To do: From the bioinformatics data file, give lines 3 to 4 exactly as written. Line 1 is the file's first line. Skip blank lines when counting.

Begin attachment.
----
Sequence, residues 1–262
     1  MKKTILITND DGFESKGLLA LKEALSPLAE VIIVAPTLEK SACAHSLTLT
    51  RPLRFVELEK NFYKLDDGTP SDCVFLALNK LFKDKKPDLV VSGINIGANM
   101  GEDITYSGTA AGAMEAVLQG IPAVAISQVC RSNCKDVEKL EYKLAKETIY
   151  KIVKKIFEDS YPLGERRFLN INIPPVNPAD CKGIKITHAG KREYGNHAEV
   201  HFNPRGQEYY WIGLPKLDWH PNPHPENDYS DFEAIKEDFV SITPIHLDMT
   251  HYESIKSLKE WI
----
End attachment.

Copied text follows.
    51  RPLRFVELEK NFYKLDDGTP SDCVFLALNK LFKDKKPDLV VSGINIGANM
   101  GEDITYSGTA AGAMEAVLQG IPAVAISQVC RSNCKDVEKL EYKLAKETIY